Thus, because we'd had such a long history of characters cheating death, it's hard to really feel the same sense of
I'm sure that others will disagree with me, or that even those who agree will have their own take on the issue, so send your ideas about Death's revolving door to me via the web site contact address here or to me directly. And remember, if you should happen to make reference to a title of a comic series please use CAPS when giving the title. I do the HTML coding on this column every week, and having the titles in caps already makes my life much easier. Finally, as always, don't forget our discussion boards! I honestly don't know what I'm writing about next week, but if you have any ideas, let me know! Now, here are the titles you can expect on the shelves today:
Or, if you've got younger kids who you don't want to confuse with the fact there's now two Spider-Girls, you can buy them the KIDS' WB! JAM PACKED ACTION! VOL 1 (dang, that's a lot of exclamation marks) for $7.99, or go with the truly action-packed TEEN TITANS GO! #8. The older ones might just be interested in the ELFQUEST: THE GRAND QUEST-VOL 3 trade paperback for $9.95, too if they can ever get it away from you, that is.
Also more appropriate for adults than children (but only just) is Dark Horse's STEVE RUDE: THE MOTH #3. Just don't let it near your sweaters.
Wildstorm fans will be shelling out the bucks this week and not just to buy back Micah Wright's good reputation to grab Kurt Busiek's ARROWSMITH: SO SMART IN THEIR FINE UNIFORMS trade paperback for $14.95; the PLANETARY VOL 3: LEAVING THE 20TH CENTURY hardcover for $24.95, which covers #s 13-18 of the series; and the appropriately named SLEEPER SEASON TWO #1 (Of 12). Appropriate as in television series start up every year with "seasons," and this is no less than film in comics form. Seriously.
Meanwhile there's trouble brewing for the team in AVENGERS/THUNDERBOLTS #5 (Of 6) (and no, I don't mean between Busiek and Nicieza, silly people), while the AVENGERS VOL 4: LIONHEART OF AVALON trade paperback for $11.99 is trouble.
After having a quiet discussion with the "old" Robin last week in the eponymous series, Cassandra gets to work with the new one in BATGIRL #53. (Sure, people get all worked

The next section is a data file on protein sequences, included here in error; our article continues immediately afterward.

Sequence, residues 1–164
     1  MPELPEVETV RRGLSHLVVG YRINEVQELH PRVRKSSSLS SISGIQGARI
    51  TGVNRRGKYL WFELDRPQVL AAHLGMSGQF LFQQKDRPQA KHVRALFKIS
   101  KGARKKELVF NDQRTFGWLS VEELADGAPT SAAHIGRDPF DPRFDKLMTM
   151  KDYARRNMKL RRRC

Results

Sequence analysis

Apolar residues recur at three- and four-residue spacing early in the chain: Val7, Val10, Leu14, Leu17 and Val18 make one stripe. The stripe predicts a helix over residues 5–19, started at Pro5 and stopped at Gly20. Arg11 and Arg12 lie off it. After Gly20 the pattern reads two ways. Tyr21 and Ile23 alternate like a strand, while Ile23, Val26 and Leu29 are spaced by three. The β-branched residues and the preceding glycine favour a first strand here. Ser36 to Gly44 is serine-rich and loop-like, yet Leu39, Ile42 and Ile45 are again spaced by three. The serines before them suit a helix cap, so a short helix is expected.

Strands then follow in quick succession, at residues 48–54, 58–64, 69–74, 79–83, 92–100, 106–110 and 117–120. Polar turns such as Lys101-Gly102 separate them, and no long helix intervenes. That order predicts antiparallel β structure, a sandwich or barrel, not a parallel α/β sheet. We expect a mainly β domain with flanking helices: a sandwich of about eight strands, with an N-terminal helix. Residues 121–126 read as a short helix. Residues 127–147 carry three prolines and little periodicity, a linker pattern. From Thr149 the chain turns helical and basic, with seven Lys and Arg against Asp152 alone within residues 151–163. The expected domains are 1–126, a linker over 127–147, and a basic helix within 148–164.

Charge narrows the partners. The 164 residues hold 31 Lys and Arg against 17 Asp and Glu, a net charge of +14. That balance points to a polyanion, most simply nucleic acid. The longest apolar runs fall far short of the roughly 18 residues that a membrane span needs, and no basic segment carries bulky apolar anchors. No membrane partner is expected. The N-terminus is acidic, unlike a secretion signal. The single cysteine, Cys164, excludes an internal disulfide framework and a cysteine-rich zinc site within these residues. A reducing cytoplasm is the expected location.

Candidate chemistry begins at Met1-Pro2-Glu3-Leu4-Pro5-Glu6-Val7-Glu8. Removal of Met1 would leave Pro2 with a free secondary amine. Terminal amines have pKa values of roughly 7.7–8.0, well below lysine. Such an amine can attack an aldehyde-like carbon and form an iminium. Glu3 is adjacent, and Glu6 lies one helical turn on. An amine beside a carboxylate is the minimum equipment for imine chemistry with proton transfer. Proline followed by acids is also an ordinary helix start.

A new story arc featuring drag queens, porn stars, and afros begins in CAPER #9 (Of 12). (It is Judd Winick, after all...)
John Byrne's up to his old tricks in DOOM PATROL #1. Just when you thought it was safe to go back to DC...
Image presents Eric Shanower's version of the Trojan War in the AGE OF BRONZE VOL 2: SACRIFICE hardcover for $29.95...in black and white?? For thirty bucks, I'd want color, artistic integrity or no artistic integrity, and Eisner Award be damned! Of course, if you want color, there's always Ron Marz's THE DARKNESS: VOL. II #12 and if features dragons! Green ones! Whoo hoo!
Speaking of Ron Marz and green things and people, GREEN LANTERN #178 features both, as Kyle faces his most dangerous foe, a lady called Fatality. Well, aren't they all, when it comes right down to it? (Uh-oh, there goes my female readership...)
There's something concerning a lost Himalayan temple this week in IRON FIST #4. Go figure.
Meanwhile, in a transparent ploy to get people to read it, RICHARD DRAGON #2 features Nightwing. Oh, ok, I know, that was unfair...I know you read every single thing Chuck Dixon writes.
Tony's still in the midst of a mission for his boss yes, that guy to recover documents from Avengers Mansion in IRON MAN #85. Surely Bush could've gotten them under the Patriot ACT or something?
Frank Castle continues his battle against two rival gangs in Hell's Kitchen in THE PUNISHER #8. And Daredevil hasn't shown up yet? I should start taking bets for when he does...
Keith Champagne begins his run on THE LEGION with issue #34, in which the Weaponers of the anti-matter universe Qward abduct Wildfire as they're the only ones who can, really.
POWERLESS #1 (Of 6) is based on the premise that the heroes of the Marvel Universe would still have been heroes if they hadn't gotten the powers that made them superheroes. Yup, it's a Marvel Elseworlds story either that, or the return of WHAT IF, which would be just as welcome, I say.
Vertigo offers only two treats this week, but boy are they something! MIDNIGHT MASS: HERE THERE BE MONSTERS comes to an end with #6 (Of 6), and ON THE ROAD TO PERDITION-BOOK 3: DETOUR is available for the unbelievably low price of $7.95. But only if you skip Subway two days this week. Jared may be able to afford comics and eating at Subway every day, but he has a spokesman's contract and has to make silly commercials. You don't.
Deep breath, Spider-fans! In SPECTACULAR SPIDER-MAN #16 we get the conclusion of the singularly confusing "Royal Flush" two-parter featuring Cap, which (surprise!) is part of the lead-up to "Avengers: Disassembled"; those of you who just can't bear the thought of standing in line tonight at the movies can cheat with the SPIDER-MAN 2 MOVIE ADAPTATION for $3.50; the SPIDER-MAN: DEATH OF GWEN STACY trade paperback for $12.99 reminds us what could have happened in the first movie and didn't; and SPIDER-MAN/DOCTOR OCTOPUS: YEAR ONE #2 (Of 5) shows us just how much people can muck up a character when they attempt to ascribe all his current badness to previous psychoses. (Obviously I read it. Obviously I didn't like it. Mini-review ended.)
Look, if all the changes in the Superman titles confuses you that much, pick up the SUPERMAN: SECRET FILES 2004 for $4.95. I sure as hell can't help you.
And finally, while the ultimate buddy movie turned comic continues in WOLVERINE/PUNISHER #4 (Of 5), the Avengers and X-Statix continue to pummel each other in X-STATIX #24. If only Doop has waited a few more months to go to pieces, the Avengers would have gone to pieces, too, and the team wouldn't have to go through all this...Oh, well...
And if you're just sick of comics this week, go see FAHRENHEIT 9/11. Even if you're Republican. Especially if you're Republican. Later!
Comicscape is our weekly Comics column.